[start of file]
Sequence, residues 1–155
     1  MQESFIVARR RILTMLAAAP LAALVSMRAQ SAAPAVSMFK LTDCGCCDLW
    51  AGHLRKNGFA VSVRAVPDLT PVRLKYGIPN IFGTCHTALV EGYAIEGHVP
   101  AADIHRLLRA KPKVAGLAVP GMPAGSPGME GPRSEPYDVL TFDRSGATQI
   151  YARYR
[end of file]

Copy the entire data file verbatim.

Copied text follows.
Sequence, residues 1–155
     1  MQESFIVARR RILTMLAAAP LAALVSMRAQ SAAPAVSMFK LTDCGCCDLW
    51  AGHLRKNGFA VSVRAVPDLT PVRLKYGIPN IFGTCHTALV EGYAIEGHVP
   101  AADIHRLLRA KPKVAGLAVP GMPAGSPGME GPRSEPYDVL TFDRSGATQI
   151  YARYR